Autumn must be here because Strictly (Dancing With The Stars outside the UK) is back on TV. Forgive the pun…it’s time to see who looks good on the dancefloor…
Strictly is an odd phenomenon. A relic of times gone by in many ways. An old-fashioned sort of Saturday night entertainment where there is no bad language, people only speak positively about one another, and no tantrums are allowed.
The BBC go to great lengths to make this the most family-friendly of programmes…and somehow succeed, despite the skimpy costumes, steamy dance routines and fairly regular romantic relationships between celebrity contestants and their dance partners.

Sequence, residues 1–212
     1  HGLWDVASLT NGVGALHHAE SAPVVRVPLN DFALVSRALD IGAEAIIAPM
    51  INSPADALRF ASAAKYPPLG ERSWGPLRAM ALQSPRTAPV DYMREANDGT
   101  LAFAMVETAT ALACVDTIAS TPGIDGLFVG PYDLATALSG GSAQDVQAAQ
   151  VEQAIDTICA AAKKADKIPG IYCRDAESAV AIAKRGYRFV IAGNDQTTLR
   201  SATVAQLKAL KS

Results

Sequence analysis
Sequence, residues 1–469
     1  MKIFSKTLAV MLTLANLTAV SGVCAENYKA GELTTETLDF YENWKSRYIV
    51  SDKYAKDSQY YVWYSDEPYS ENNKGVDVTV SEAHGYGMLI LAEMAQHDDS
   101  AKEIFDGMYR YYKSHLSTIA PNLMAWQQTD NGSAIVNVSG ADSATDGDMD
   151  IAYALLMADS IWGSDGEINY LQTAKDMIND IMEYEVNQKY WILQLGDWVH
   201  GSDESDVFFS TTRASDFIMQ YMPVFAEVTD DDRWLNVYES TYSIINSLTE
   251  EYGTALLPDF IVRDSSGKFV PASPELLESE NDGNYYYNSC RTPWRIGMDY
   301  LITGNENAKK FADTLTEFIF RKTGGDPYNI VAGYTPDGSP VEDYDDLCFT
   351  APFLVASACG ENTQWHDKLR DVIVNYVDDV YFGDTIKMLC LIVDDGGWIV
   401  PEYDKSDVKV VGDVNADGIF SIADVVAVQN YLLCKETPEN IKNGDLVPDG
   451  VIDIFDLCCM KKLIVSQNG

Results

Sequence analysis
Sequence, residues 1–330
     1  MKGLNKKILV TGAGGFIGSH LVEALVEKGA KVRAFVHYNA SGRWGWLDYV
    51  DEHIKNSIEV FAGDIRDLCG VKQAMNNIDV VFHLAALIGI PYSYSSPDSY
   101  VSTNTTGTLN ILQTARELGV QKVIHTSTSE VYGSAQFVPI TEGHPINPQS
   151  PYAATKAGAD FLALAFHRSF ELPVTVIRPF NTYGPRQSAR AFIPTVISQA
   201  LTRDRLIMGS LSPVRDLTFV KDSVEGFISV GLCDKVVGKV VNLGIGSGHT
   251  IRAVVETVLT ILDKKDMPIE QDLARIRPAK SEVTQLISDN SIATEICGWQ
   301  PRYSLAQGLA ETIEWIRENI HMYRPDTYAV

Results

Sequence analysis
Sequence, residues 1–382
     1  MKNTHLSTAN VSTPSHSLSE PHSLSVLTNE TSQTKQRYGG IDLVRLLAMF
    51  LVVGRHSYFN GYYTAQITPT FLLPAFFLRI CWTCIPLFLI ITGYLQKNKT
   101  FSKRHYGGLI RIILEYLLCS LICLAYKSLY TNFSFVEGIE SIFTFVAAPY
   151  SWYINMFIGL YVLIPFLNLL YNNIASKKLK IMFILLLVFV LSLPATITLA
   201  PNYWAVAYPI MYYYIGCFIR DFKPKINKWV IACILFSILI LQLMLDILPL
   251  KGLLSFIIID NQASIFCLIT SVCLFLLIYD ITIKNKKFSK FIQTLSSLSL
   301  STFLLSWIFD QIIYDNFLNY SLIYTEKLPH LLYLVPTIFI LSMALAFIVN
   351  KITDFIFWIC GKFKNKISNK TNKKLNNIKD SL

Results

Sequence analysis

The arrival of the Artic Monkeys on the British music scene was a bit more of a shock to the system than a new series of Strictly, though.
They were the first UK band who had really harnessed the power of the internet, even though it was their fans who did most of that, rather than the band itself. MySpace…remember that?…and file sharing sites were agog with the Artic Monkeys’ early songs as the band clawed its way up the greasy showbiz pole.
In a few short years, the Artic Monkeys went from playing in near-deserted Sheffield pubs to headlining Glastonbury.
Even now, when you listen to their breakthrough hit “I Bet You Look Good On The Dancefloor”, it’s a shockingly powerful song.
There’s a definite punk motif running through “I Bet You Look Good On The Dancefloor”…the energy and intensity of punk is there in spades…but it’s also a more lyrical song than you might immediately think from the rapid-fire drums and incessantly-driving guitars.
I certainly can’t remember any songs from the hey-day of punk which wove in references to the Montagues and the Capulets, the two families at the heart of William Shakespeare’s “Romeo and Juliet”.